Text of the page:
Re-engineering government Kala Seetharam Sridhar ET 10 Dec, 2007
In India, municipal bodies are the primary providers of key urban services like water supply, sewerage, sanitation/solid waste management and city-wide roads. There are currently 73 municipal corporations, 1,770 municipal councils, 229 town area committees and 717 notified area committees in the country, with state governments having the discretion in deciding the status of urban settlements. In some cities, municipal bodies account for a significant share of total public spending in the metropolitan areas. For instance, local expenditure accounted for a significant 43% share of the estimated total (central, state and local) government spending in the Mumbai metropolitan area, while in Ahmedabad the share of local expenditure in total government expenditure was 31%...
Several urban local governments in the country have been very innovative in their urban management practices. Ahmedabad Municipal Corporation became the first local body in the country in 1996 to tap the capital market to obtain funds through issue of a bond. Such initiatives by a number of cities have led to a market for credit-rating of cities, based on their financial management.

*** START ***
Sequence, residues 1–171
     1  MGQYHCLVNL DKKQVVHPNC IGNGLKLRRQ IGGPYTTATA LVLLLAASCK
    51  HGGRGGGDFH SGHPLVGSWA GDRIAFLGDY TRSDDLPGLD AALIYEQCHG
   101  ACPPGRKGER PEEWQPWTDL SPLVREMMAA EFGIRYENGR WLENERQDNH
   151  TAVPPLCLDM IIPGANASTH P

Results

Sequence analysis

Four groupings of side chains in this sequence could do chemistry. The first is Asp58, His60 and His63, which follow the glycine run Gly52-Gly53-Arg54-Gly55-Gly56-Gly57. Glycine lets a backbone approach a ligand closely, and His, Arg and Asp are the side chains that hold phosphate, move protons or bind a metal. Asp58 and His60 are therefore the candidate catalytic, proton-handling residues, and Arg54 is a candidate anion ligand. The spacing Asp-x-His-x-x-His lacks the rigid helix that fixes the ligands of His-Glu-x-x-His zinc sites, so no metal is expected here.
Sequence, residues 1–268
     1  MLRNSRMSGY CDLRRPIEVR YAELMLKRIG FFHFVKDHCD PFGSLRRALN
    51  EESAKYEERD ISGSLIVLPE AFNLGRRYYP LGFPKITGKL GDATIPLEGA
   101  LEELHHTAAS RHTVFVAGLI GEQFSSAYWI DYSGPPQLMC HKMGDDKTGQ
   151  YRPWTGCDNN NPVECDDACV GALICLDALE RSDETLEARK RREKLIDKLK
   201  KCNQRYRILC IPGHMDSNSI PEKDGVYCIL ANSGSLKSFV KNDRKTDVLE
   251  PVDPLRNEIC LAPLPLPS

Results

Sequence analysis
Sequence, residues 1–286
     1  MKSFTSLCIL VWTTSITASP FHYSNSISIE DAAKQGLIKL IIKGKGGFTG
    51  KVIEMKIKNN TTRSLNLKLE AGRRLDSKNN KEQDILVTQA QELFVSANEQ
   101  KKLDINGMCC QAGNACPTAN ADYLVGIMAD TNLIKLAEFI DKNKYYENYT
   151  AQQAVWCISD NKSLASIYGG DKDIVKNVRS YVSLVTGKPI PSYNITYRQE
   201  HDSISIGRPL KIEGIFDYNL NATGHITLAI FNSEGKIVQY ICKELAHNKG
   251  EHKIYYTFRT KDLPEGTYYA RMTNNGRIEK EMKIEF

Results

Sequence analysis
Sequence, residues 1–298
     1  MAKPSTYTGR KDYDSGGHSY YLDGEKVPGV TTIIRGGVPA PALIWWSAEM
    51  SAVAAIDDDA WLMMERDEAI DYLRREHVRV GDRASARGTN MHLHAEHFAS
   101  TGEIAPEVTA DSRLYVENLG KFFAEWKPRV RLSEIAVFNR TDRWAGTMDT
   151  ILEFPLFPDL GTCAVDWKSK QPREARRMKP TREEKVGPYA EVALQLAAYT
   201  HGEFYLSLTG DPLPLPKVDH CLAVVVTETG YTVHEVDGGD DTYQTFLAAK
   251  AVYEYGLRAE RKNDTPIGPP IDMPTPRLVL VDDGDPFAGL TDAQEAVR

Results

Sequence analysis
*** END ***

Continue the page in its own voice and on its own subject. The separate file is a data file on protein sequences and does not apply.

A number of other cities have also shown the way in other, innovative methods of financing of urban services. Indore has come up with a model, a 50:50 programme in which citizens of a jurisdiction get their roads revamped from a private contractor and the municipal corporation foots the remaining 50% of the bill. Surat, once afflicted by the plague, has now been transformed into a beautiful city, post-1994, because of innovative urban management practices. Many cities have privatised their mass transport systems.
Last, but not the least, the Right to Information Act was passed in Parliament in 2005, which is indeed a very powerful weapon in the hands of the common man. This law can be used to seek information on various aspects of government functioning and service delivery, which has implications for the public. While this law cannot be used to seek solution to public problems, it certainly can be used to seek more information about the problem, and to know more about its cause(s). This itself, in many cases, would have been obfuscated without the Act, hence is a major check on public corruption, making the government much more accountable as a service provider.
It is true that these initiatives are drops in the ocean, and a lot more needs to be done to reinvent and re-engineer government. But we have to start somewhere and the journey has begun. (The author is fellow, National Institute of Public Finance and Policy, New Delhi. Views are personal.)